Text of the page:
So welcome, enjoy the peeks into the boxes that clutter my attic. Don't look in that one over there, that's where I'm keeping my crazier ideas, like using sofrito in my shepherd's pie. My grandmother would be so proud and hubsters would be horrified!


Thanks to Hannah's (of cookingmanager.com) post interviewing yours truly, there are probably more heads & hats checking out my little blog over here.


In the beginning I had planned on a modicum of anonymity, but frankly that takes more effort in planning and execution than I can drum up these days.

So welcome, enjoy the peeks into the boxes that clutter my attic. Don't look in that one over there, that's where I'm keeping my crazier ideas, like using sofrito in my shepherd's pie. My grandmother would be so proud and hubsters would be horrified!


Friday, February 19, 2010

Shepherd's pie: a Non-recipe

I don't really follow recipes anymore. I either decide what I want to make and look around to see how I can approximate it with what I have, or I look at what I have and decide from there what to make. This recipe has so many variations, pretty much everything is optional (which may make it a misnomer since authentic Shepherd's pie is the standard chopped lamb & potato casserole).

This is a sneaky chef recipe as you can hide several kitchen sinks worth of vegetables without anyone being the wiser!

You can choose one or more from each category:

ground beef, lamb, turkey, chicken, cooked lentils
shredded carrot, onion, zucchinni
mushrooms
corn
peas
tomato sauce/paste/diced
garlic
1 egg for every pound of meat/ meat substitute
paprika
pepper

Mix until everything is well coated and press into the baking dish. I've used a pan, roaster, or crockpot with success. Just be aware that there will be a lot of grease in the crockpot unless you brown the meat first.

Top with mashed or shredded potatoes. Optional: drizzle with olive oil and more spices.

Bake uncovered at 350 for an hour or until bubbly. You can cover partway through if the potatoes get crispier than your liking.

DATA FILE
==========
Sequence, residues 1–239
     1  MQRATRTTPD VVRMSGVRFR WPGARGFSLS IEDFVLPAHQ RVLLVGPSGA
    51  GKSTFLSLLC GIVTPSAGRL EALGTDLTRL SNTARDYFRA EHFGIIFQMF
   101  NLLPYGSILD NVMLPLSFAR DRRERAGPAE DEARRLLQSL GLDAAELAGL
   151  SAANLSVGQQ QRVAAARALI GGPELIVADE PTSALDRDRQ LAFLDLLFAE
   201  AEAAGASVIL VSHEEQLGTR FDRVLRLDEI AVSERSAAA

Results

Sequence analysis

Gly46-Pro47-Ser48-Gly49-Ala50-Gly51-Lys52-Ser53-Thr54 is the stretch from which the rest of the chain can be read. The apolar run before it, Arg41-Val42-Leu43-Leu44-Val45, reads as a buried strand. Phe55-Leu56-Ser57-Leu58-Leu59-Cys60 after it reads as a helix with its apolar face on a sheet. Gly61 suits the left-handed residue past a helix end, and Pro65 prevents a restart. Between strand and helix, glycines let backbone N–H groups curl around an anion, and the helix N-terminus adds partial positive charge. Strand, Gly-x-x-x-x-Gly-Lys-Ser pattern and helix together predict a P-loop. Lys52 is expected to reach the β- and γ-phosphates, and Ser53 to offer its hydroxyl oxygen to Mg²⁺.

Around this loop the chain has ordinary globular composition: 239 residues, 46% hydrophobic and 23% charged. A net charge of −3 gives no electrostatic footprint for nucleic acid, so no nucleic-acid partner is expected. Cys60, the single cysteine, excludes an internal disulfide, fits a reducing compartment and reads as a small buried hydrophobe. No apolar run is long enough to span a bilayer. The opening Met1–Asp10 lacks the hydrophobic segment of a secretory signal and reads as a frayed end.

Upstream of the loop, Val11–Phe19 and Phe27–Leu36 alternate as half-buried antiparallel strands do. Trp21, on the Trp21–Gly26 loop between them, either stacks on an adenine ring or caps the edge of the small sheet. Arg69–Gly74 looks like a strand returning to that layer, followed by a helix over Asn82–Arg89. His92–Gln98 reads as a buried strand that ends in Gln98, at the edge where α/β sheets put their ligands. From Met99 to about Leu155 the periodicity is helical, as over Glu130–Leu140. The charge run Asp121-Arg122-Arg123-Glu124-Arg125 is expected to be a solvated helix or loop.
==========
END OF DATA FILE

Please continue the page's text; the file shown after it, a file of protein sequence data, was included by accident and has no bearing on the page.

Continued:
If in the crockpot it'll need 6-10hrs on high or 3-5 hrs on low depending on whether you brown the meat first or not.

Freezes very well.

I don't really follow recipes anymore. I either decide what I want to make and look around to see how I can approximate it with what I have, or I look at what I have and decide from there what to make. This recipe has so many variations, pretty much everything is optional (which may make it a misnomer since authentic Shepherd's pie is the standard chopped lamb & potato casserole).


This is a sneaky chef recipe as you can hide several kitchen sinks worth of vegetables without anyone being the wiser!

You can choose one or more from each category:

ground beef, lamb, turkey, chicken, cooked lentils
shredded carrot, onion, zucchinni
mushrooms
corn
peas
tomato sauce/paste/diced
garlic
1 egg for every pound of meat/ meat substitute
paprika
pepper

Mix until everything is well coated and press into the baking dish. I've used a pan, roaster, or crockpot with success. Just be aware that there will be a lot of grease in the crockpot unless you brown the meat first.

Top with mashed or shredded potatoes. Optional: drizzle with olive oil and more spices.

Bake uncovered at 350 for an hour or until bubbly. You can cover partway through if the potatoes get crispier than your liking.

If in the crockpot it'll need 6-10hrs on high or 3-5 hrs on low depending on whether you brown the meat first or not.

Freezes very well.

Thursday, February 18, 2010

Mommy feats that will wow any Toddler

  1. Getting around to sharpening all the colored pencil stubs in the house
  2. serving lots of ketchup
  3. Flip them upside down & pretend not to notice
  4. Warm milk with a splash of chocolate
  5. this:

    (photo courtesy of thewind 's flickr stream)
  6. Knowing the noise any animal makes, even if you have to make up a few
  7. Teaching a new song or game (little bunny foo foo again??
  8. Piggy back rides
  9. Letting them (try to) spit into the sink while brushing their teeth
  10. Getting around without the help of the gee-pee-ess (Mommy turn left!)

  1. Getting around to sharpening all the colored pencil stubs in the house
  2. serving lots of ketchup
  3. Flip them upside down & pretend not to notice
  4. Warm milk with a splash of chocolate
  5. this:

    (photo courtesy of thewind 's flickr stream)
  6. Knowing the noise any animal makes, even if you have to make up a few
  7. Teaching a new song or game (little bunny foo foo again??
  8. Piggy back rides
  9. Letting them (try to) spit into the sink while brushing their teeth
  10. Getting around without the help of the gee-pee-ess (Mommy turn left!)